The 1970s sci-fi movie scene was rife with trademarks that defined the decade, including (but not limited to) trippy visuals, weird special effects, and introverted storylines with dark subtexts that mimicked the public’s lack of optimism. Not until the mammoth hit Star Wars hit the scene in 1977 did things start turning around with a more positive outlook.
In the middle of this nihilism was Zardoz, a sci-fi romp featuring Sean Connery as a wacky everyman in a devastated future world who suddenly comes to grips with the fact that his God is nothing more than a ruse concocted by bored, immortal humans. It’s locked in the decade, but its cult status is absolutely undeniable. Read on to find more about what really went into this crazy sci-fi caper.
10 Insulting The Audience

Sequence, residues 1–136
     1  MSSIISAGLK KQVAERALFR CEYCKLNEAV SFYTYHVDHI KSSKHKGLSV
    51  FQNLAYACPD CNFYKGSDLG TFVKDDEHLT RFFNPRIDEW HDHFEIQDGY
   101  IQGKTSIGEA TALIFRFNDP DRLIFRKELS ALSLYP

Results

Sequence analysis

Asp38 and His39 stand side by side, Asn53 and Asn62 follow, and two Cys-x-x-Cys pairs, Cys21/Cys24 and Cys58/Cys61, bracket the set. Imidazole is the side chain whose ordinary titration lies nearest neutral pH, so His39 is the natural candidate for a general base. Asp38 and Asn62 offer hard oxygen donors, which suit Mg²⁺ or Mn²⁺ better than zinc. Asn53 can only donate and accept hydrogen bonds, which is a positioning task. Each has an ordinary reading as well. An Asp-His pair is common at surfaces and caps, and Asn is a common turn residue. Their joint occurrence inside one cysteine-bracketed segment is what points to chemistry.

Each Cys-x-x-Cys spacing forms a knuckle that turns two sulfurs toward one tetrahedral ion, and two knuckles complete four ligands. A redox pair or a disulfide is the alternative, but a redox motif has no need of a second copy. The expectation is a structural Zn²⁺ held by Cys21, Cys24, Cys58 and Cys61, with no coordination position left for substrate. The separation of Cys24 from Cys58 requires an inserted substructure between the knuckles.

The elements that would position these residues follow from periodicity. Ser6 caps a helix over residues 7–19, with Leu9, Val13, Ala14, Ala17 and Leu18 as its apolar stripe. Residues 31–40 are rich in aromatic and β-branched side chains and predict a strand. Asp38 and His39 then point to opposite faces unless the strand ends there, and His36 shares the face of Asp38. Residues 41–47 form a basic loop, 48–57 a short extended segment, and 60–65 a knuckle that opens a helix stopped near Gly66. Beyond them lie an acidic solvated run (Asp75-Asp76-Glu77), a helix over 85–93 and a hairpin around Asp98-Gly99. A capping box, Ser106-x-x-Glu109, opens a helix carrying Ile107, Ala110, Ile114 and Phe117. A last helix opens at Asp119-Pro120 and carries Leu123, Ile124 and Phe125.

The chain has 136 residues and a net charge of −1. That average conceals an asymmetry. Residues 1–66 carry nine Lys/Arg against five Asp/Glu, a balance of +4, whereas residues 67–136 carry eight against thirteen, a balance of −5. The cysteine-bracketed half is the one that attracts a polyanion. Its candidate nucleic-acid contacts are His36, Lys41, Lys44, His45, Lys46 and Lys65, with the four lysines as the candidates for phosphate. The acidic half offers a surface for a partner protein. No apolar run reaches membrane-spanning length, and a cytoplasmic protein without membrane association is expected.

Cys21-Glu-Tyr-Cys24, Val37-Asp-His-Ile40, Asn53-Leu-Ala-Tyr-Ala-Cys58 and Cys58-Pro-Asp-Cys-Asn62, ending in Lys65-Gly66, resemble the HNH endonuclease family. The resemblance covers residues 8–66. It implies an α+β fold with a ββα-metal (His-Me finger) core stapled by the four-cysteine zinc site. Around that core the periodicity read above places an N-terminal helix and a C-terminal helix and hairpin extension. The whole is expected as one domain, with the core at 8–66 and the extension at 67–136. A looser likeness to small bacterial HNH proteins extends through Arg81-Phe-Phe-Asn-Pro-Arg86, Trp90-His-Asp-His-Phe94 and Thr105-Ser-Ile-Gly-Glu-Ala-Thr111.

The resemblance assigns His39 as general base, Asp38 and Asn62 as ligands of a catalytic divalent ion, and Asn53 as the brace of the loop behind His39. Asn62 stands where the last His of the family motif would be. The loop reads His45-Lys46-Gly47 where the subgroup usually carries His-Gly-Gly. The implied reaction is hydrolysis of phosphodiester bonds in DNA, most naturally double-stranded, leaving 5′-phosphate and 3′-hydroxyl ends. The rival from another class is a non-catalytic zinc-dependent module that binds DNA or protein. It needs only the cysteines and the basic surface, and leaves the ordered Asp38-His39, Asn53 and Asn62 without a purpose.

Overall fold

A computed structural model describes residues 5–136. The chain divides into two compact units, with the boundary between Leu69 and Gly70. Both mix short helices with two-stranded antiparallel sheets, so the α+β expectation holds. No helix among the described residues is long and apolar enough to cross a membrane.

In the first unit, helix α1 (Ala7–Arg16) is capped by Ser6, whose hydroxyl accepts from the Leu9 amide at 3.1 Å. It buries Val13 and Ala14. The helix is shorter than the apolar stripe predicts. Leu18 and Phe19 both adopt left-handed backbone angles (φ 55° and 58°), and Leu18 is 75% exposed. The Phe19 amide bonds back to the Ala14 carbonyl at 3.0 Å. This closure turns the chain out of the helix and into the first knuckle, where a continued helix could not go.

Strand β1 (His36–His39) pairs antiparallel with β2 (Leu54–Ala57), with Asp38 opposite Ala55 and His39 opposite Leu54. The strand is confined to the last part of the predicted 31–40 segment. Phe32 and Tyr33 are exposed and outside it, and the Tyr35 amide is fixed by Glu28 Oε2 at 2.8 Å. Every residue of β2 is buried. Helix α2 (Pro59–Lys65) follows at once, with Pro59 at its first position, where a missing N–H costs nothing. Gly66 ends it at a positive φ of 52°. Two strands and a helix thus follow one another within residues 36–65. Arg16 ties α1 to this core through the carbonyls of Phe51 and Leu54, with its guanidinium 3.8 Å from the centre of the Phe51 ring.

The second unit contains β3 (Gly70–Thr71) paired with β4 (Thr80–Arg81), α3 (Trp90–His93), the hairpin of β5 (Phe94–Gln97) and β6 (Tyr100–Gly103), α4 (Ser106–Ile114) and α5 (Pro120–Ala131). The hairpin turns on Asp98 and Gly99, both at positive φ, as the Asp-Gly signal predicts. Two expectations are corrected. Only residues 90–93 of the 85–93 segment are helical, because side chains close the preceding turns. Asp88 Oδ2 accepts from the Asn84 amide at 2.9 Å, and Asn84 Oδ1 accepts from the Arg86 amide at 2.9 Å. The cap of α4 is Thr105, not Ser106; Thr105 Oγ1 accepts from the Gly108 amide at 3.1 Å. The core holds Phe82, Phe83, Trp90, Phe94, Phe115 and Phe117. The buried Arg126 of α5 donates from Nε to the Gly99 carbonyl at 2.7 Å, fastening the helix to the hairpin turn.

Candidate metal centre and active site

In what may have been a dead giveaway regarding the studio’s faith in the movie, executives apparently wanted an introduction sequence tacked onto the film that gave some exposition. This was so audiences could understand the film better.
It’s never a good sign to signal that one’s audience is group of unthinking dunderheads who can’t figure things out by themselves, but that’s the movie business. While clearly a mind-trip, Zardoz is not incredibly difficult to decipher.
9 Connery On The Cheap
Sean Connery took the role of Zed largely out of desperation and a lull in the actor’s career. It had been a few years since he appeared in Diamonds Are Forever, and audiences began to forget about Connery’s 007 role. This left him in an unfortunate predicament.